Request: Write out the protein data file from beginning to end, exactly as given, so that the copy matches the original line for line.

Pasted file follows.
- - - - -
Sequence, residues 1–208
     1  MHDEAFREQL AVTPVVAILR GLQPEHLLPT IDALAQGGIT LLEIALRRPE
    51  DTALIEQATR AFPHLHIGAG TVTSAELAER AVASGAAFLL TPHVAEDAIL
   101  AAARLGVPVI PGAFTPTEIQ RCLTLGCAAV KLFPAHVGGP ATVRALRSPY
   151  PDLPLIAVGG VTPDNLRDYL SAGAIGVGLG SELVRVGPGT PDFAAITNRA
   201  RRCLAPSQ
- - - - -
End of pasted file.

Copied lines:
Sequence, residues 1–208
     1  MHDEAFREQL AVTPVVAILR GLQPEHLLPT IDALAQGGIT LLEIALRRPE
    51  DTALIEQATR AFPHLHIGAG TVTSAELAER AVASGAAFLL TPHVAEDAIL
   101  AAARLGVPVI PGAFTPTEIQ RCLTLGCAAV KLFPAHVGGP ATVRALRSPY
   151  PDLPLIAVGG VTPDNLRDYL SAGAIGVGLG SELVRVGPGT PDFAAITNRA
   201  RRCLAPSQ